Nicotine is one of the most addictive substances and millions of people are hooked. Many of them don’t want to be. They understand smoking is not good for your health and every puff brings you closer to the grave.
That’s the unvarnished truth, but quitting is SO HARD. Studies show most smokers who want to quit have to try 10-20 times to be successful.
It’s easy to beat yourself up if you have tried and then it didn’t work out. (I refuse to call it “failure.”) You are trying to break a very ingrained habit.
But the experts say you must keep trying and it can work out. Now there are more tools than ever to help -- quit line counselors, medications, gum, patches, hypnosis, support groups, and your own willpower.
Recently I interviewed Dr. Shari Meyerson, a Chicago chest surgeon at Northwestern Memorial Hospital. She treats lung cancer which is just one of the diseases related to smoking.
I asked her what advice she had for smokers so they don’t become her patient. You can hear the whole interview at http://www.patientpower.info/program/why-quit-smoking/
The bottom line is -- set a quit date, talk with your doctor about resources that can help, use them all. Find a passion that can distract you and add to your health, like daily walks with a friend, joining a gym and committing to going, or starting a new hobby. Replace smoking with something positive and reward yourself for your progress.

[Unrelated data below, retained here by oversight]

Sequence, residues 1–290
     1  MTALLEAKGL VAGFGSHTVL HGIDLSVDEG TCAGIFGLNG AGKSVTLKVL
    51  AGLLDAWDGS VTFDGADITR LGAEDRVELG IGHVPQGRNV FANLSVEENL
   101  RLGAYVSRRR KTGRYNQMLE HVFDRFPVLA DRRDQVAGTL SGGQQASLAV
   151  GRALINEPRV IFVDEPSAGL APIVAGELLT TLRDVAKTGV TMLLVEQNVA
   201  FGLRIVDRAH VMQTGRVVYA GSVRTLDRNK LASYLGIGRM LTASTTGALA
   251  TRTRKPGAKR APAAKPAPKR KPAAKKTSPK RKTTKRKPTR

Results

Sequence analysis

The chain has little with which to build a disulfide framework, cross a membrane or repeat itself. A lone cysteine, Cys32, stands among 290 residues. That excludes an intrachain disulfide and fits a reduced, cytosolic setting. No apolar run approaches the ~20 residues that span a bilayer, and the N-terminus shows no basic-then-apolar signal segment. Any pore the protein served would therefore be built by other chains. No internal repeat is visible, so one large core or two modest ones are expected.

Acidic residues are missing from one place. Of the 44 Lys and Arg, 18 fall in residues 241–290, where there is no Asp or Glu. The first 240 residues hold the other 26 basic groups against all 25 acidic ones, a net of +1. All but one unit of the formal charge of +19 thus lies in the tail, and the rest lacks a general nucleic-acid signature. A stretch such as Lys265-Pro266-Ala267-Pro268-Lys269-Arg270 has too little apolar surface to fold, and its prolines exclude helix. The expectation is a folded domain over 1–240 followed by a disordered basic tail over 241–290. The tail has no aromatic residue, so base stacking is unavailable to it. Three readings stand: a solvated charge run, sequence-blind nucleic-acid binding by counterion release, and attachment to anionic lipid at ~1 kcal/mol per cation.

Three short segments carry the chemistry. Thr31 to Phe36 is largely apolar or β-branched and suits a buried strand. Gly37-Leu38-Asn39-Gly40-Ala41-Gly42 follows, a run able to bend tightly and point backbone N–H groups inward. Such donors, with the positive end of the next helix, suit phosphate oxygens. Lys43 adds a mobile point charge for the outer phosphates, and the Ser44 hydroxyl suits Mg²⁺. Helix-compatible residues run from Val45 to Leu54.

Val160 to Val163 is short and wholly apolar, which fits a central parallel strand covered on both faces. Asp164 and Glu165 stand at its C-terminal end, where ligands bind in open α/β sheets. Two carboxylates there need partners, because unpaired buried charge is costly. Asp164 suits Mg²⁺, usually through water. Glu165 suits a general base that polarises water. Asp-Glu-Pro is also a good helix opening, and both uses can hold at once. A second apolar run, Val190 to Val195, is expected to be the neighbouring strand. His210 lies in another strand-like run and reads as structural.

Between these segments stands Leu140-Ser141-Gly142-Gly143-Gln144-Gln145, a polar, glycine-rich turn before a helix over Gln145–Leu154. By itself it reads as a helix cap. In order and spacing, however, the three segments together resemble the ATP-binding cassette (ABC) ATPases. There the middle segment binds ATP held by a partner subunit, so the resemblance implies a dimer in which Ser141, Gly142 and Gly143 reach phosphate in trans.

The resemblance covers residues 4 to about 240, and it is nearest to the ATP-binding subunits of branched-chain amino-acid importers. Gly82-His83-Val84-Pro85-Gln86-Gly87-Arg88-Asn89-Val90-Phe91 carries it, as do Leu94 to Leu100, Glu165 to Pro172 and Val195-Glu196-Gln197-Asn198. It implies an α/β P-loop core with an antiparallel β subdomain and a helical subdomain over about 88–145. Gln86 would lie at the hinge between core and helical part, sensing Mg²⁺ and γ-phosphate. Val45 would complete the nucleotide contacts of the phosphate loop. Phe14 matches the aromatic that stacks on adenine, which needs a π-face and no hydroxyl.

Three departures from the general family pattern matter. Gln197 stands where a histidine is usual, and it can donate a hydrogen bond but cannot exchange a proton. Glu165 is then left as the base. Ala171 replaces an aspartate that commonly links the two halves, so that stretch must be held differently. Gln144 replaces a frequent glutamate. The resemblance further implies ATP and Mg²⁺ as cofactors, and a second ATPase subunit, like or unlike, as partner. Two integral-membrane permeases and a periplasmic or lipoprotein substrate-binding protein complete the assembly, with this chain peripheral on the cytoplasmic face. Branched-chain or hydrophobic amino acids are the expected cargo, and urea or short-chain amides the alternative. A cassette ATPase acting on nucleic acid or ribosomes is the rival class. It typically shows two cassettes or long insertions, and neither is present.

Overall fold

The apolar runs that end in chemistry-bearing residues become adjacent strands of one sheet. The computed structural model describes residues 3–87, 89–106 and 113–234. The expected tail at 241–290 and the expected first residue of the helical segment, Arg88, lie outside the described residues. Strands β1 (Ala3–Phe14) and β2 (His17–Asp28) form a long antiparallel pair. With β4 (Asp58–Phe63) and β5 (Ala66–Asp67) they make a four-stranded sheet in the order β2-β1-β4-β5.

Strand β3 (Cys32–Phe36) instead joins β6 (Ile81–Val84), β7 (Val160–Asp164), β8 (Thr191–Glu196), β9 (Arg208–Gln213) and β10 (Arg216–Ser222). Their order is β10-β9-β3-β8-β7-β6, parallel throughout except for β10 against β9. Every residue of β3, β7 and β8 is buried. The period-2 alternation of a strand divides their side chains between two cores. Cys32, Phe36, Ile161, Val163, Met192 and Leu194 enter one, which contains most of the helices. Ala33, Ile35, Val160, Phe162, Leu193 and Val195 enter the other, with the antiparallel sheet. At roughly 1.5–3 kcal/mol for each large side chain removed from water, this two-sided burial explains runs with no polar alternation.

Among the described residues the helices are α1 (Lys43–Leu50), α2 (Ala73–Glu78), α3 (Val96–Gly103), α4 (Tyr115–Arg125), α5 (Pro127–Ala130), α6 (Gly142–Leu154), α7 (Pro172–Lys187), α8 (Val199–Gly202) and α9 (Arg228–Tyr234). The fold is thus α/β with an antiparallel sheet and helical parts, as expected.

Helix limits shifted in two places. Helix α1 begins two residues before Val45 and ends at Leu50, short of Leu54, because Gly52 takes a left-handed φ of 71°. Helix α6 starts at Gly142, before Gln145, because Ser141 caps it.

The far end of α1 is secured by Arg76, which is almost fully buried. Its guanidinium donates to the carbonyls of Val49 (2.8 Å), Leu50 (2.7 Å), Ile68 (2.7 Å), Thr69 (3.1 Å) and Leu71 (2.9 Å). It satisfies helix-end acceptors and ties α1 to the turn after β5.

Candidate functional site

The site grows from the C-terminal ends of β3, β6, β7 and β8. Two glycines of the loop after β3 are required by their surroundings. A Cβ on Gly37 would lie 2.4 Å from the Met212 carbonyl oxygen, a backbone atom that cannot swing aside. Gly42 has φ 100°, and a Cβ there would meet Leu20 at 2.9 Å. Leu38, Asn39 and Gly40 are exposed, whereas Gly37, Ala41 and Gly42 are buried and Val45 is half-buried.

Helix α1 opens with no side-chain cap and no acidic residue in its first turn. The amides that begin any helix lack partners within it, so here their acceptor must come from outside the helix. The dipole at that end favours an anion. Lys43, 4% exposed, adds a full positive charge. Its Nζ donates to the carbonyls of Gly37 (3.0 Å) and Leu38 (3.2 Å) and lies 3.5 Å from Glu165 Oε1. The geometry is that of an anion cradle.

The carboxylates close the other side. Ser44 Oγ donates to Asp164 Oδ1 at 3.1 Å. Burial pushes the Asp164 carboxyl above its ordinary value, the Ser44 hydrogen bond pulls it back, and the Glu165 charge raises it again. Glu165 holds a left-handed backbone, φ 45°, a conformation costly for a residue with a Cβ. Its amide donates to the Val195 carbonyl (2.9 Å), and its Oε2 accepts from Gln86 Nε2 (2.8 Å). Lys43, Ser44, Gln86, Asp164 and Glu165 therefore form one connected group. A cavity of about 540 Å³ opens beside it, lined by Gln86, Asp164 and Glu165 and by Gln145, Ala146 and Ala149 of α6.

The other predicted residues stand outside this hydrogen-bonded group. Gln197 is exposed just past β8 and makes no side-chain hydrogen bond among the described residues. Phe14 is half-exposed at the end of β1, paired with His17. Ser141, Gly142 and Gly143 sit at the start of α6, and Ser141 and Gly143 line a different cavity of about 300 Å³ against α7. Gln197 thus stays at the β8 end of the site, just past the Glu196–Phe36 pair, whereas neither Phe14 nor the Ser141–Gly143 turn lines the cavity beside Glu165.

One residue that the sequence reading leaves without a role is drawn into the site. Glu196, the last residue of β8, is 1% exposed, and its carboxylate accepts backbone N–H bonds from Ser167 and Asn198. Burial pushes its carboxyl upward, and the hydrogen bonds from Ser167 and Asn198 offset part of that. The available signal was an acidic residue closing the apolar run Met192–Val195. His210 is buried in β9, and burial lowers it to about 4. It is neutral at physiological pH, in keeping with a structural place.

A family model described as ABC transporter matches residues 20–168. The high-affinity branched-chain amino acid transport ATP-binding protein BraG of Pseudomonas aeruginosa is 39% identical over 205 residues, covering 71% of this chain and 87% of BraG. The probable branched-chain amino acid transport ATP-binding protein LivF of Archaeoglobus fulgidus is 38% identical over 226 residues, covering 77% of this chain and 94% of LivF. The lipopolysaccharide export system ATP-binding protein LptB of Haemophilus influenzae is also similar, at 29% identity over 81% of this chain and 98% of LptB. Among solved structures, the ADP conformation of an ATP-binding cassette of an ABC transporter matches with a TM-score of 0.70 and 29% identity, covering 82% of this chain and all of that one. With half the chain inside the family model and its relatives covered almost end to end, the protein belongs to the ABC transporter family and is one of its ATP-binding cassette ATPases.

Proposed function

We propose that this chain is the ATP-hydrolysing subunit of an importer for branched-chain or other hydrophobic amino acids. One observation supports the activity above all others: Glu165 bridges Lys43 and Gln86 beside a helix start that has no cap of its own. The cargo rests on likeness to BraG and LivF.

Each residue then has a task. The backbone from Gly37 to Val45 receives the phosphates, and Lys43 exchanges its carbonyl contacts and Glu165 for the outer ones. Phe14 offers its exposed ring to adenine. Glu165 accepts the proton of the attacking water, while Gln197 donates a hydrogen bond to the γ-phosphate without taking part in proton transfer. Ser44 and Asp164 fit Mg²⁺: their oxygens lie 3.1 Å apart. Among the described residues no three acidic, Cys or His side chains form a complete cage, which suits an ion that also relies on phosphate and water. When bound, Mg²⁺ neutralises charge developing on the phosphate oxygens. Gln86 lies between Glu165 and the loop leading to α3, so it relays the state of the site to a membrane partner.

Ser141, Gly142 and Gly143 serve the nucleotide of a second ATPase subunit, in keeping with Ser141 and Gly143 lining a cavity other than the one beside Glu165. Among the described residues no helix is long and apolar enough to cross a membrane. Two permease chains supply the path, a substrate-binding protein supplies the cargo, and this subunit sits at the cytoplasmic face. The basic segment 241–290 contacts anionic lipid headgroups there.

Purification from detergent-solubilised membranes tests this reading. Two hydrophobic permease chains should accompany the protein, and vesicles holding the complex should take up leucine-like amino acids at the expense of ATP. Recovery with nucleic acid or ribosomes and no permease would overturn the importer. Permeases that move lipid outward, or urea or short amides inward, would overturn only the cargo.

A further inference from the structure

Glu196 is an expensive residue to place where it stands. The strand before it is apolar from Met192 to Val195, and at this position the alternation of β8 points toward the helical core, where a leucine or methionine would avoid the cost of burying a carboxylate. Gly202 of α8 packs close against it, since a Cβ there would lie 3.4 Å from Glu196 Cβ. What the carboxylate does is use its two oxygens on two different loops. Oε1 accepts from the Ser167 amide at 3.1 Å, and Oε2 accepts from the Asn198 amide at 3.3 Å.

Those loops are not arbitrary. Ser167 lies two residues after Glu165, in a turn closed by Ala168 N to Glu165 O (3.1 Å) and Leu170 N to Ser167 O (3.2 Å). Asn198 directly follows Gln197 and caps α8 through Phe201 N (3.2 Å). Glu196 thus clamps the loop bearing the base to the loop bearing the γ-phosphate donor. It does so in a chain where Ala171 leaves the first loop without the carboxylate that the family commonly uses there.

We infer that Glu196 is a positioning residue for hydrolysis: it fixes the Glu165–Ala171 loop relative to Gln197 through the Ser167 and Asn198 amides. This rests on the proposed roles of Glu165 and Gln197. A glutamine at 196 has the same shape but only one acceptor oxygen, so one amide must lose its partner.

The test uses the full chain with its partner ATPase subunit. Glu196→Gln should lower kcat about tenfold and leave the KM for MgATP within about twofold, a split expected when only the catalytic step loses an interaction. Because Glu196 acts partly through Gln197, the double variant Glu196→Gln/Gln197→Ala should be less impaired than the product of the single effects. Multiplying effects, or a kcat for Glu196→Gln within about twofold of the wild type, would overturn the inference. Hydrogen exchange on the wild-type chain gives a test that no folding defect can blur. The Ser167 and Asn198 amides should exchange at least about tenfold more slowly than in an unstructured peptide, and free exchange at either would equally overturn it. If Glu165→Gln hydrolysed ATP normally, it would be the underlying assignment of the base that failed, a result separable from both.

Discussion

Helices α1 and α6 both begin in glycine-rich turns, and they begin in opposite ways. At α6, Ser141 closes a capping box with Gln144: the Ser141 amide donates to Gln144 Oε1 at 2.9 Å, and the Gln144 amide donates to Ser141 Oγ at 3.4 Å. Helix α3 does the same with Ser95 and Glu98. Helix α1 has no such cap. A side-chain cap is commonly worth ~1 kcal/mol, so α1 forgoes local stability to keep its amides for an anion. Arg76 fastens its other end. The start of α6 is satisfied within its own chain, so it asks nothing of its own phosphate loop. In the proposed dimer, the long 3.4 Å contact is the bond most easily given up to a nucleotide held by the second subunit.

Now, in the New Year, this can be your year to quit. Your health will be better for it and the people who care about you will thank you.
Will it be hard? Yes. Will it be worth it? YES! Good luck and have confidence this is the time that quitting will stick.
About the author: Andrew Schorr is a medical journalist, cancer survivor and founder of Patient Power, a one-of-a-kind company bringing in-depth information to patients with cancer and chronic illness. Audio and video programs, plus transcripts, help patients make informed decisions to support their health in partnership with their medical team.
Patient Power is at www.PatientPower.info and on Facebook, YouTube and Twitter. Schorr is also the author of “The Web Savvy Patient: An Insider's Guide to Navigating the Internet When Facing Medical Crisis" found at www.websavvypatient.com/
Interview, Shari L. Meyerson, MD, Thoracic Surgeon, Northwestern Memorial Hospital, Chicago, Recorded on 11/8/2011, On Patient Power at http://www.patientpower.info/program/why-quit-smoking
Reviewed January 5, 2012
by Michele Blacksberg RN
Edited by Jody Smith